Conservationists say Vietnam should educate youth about public health risks involved in wildlife meat consumption
Thiis frozen duoc languor was recovered during an illegal wildlife raid in Lam Dong Province in the Central Highlands.
More than half of Ho Chi Minh City residents have used wild animal products in their lifetime. Half of that group consumed the illegally-derived products three times or more.
The non-governmental conservation group, Wildlife At Risk (WAR), released the recent survey results on Monday (May 23).
"Food accounts for the greatest percentage of wild animal products consumed in HCMC, followed by drinks, medicinal products, pets, fashion and ornaments," according to the joint survey conducted by WAR and the HCMC University of Science.
The organization said that the results will provide an essential platform on which to build a conservation movement. They have further warned that consumption will likely continue and poses grave public health risks.
The survey "Consumption of wild animal products in HCMC - Results of resident and student survey," polled 4,000 HCMC residents and nearly 3,600 secondary school students from August 2010 to April 2011.
"[The survey] provides a strong foundation to design effective conservation initiatives in order to prevent illegal wild animal trade and consumption," said Hoang Duc Huy of the HCMC University of Science's Faculty of Biology.
HCMC restaurants are the most common places for people to eat wild animal products, according to the findings.
The majority of respondents said they ate wild meat either because someone invited them to do so, they wanted to taste something new or they considered wild meat more delicious, the survey found.
"Middle-aged men and women between 36 and 45 years old government officials, and people with a higher level of education have a tendency to consume more wild animal products," WAR said in a press release that accompanied the release of the survey results.
The organization predicted that this trend will continue to increase in the future.
The survey also showed that secondary school students were strongly influenced by their parents and adults in their families. However, many expressed good attitudes toward conservation and are more willing to take part in wild animal protection than adults.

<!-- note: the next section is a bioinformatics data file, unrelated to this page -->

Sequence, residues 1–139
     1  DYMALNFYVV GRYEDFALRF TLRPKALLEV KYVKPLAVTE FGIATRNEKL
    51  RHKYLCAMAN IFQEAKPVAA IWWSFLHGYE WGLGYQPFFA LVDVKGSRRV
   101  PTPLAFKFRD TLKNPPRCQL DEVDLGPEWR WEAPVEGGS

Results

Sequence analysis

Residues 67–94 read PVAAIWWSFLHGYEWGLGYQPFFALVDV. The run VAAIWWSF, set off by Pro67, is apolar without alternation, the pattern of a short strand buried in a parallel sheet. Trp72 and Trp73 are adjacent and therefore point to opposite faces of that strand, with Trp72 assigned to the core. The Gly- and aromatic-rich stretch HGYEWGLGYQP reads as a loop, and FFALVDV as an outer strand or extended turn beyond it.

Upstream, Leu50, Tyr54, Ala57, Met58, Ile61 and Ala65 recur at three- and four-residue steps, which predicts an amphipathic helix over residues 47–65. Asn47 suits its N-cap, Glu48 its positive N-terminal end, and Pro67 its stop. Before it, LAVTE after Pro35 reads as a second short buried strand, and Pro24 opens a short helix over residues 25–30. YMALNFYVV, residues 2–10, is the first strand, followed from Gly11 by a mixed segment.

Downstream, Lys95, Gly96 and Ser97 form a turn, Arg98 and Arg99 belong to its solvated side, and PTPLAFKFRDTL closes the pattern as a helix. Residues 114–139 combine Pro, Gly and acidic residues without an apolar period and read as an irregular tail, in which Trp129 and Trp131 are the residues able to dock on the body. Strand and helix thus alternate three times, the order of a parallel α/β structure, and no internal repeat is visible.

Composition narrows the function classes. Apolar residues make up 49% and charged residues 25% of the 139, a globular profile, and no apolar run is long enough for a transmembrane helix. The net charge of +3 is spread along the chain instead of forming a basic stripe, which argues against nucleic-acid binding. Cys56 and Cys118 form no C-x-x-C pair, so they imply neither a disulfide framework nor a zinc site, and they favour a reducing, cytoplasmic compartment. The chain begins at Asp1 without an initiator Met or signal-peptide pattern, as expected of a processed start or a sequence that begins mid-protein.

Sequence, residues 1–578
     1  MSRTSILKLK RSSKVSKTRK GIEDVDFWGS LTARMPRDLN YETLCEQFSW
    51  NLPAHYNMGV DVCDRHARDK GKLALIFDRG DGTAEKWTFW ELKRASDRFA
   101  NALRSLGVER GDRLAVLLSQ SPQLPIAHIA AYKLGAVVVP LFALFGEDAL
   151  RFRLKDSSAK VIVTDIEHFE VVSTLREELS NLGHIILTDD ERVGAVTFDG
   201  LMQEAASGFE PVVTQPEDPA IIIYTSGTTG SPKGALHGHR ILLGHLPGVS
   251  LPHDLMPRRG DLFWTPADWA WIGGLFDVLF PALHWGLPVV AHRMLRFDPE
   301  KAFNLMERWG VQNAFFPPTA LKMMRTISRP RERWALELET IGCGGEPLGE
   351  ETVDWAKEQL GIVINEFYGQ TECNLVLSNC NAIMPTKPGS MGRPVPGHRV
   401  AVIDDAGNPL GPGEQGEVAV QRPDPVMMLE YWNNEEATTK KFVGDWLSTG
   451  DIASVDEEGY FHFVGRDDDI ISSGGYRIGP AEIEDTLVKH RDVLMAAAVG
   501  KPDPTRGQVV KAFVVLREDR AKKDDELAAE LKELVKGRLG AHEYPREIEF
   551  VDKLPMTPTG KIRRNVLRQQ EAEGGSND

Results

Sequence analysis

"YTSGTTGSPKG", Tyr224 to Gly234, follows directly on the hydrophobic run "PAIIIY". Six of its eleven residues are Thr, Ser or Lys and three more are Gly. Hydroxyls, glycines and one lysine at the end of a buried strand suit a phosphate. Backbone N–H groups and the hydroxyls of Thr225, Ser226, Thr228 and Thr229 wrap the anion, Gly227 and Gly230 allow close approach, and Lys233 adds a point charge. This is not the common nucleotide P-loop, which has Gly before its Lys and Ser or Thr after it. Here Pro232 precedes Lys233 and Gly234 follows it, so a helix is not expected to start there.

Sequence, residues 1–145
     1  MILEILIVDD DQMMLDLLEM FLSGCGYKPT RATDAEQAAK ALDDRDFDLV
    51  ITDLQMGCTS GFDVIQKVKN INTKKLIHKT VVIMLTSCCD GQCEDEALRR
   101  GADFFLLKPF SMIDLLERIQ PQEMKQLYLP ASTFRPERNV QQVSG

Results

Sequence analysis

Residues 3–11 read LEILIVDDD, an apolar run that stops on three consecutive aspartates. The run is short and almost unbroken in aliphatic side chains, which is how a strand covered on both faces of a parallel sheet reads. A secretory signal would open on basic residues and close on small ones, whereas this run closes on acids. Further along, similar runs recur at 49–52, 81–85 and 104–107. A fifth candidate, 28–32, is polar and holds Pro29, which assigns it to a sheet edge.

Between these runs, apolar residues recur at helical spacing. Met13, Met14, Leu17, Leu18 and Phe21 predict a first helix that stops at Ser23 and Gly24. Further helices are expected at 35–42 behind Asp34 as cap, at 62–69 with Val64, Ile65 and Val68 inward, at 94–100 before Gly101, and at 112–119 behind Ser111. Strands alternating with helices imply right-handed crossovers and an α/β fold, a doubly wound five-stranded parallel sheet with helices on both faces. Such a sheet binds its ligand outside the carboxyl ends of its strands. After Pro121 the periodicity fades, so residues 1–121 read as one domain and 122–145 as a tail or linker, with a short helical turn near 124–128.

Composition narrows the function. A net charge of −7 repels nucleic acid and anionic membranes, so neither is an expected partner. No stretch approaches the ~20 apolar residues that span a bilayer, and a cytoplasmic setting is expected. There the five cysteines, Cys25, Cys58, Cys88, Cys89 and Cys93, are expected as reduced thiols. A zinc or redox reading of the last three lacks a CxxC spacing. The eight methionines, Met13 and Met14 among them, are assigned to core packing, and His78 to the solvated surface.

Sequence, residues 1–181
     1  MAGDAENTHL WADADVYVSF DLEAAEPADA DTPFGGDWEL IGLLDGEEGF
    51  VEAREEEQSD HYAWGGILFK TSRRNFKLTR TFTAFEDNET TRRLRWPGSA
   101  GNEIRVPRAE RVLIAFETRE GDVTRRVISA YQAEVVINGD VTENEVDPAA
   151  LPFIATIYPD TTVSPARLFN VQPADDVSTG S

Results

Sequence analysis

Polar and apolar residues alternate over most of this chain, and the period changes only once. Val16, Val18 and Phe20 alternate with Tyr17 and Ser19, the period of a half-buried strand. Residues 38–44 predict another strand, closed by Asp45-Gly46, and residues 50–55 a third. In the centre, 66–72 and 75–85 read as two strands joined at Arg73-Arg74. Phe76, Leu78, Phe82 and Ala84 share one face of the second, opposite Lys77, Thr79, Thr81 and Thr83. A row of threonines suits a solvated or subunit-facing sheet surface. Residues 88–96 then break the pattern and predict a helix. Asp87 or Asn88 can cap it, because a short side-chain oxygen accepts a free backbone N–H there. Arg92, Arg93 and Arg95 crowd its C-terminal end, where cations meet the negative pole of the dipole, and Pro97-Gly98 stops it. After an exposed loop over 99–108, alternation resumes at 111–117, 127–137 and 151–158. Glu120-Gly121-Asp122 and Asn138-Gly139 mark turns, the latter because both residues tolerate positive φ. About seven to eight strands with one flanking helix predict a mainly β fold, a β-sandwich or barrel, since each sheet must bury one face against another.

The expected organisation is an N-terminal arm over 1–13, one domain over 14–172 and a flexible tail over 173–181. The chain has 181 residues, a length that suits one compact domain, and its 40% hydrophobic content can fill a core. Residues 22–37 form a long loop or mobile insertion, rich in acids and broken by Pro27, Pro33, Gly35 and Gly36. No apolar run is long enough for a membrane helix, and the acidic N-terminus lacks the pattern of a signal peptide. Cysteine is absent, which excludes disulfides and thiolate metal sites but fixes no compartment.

WAR called for additional propaganda and education programs to curb illegal consumption of wild animals.
"Initiatives aimed at preventing the illegal trade of wild animals should target consumers because they are the force behind illegal trading and hunting of wild animal products and thus pushing wild animals to the brink of extinction," said Do Thi Thanh Huyen, WAR's Wildlife Education manager. "Effective education programs for younger generations could provide an effective and sustainable long-term solution."
Astounding findings about wildlife consumption in HCMC have raised concerns about possible infectious disease transmission from wild animals to human hosts.
Leanne Clark, the field veterinarian at the World Conservation Society's (WCS) Global Health Program, has called for further research into the link between wildlife trade and the spread of infectious disease.
"Do you remember when SARS (severe acute respiratory syndrome) precast in 2002 in southern China? That was [caused by] a transmission between animals and people working in the wildlife trade," she told Thanh Nien Weekly. "[SARS] had probably been living in wild bats for a very long time. When people kill the animal and cut into pieces to eat, then that's when it is transmitted to people. Almost 50 percent of the first SARS patients were people involved in the wildlife trade."
She said many of the current conditions here in Vietnam are a major cause for concern.
"If you look at the wildlife trade in Vietnam, [the animals] are very often unhealthy," she said. "They are infected with diseases and often injured."
Clark said that the consumers of these animals should be aware that they are taking serious health risks.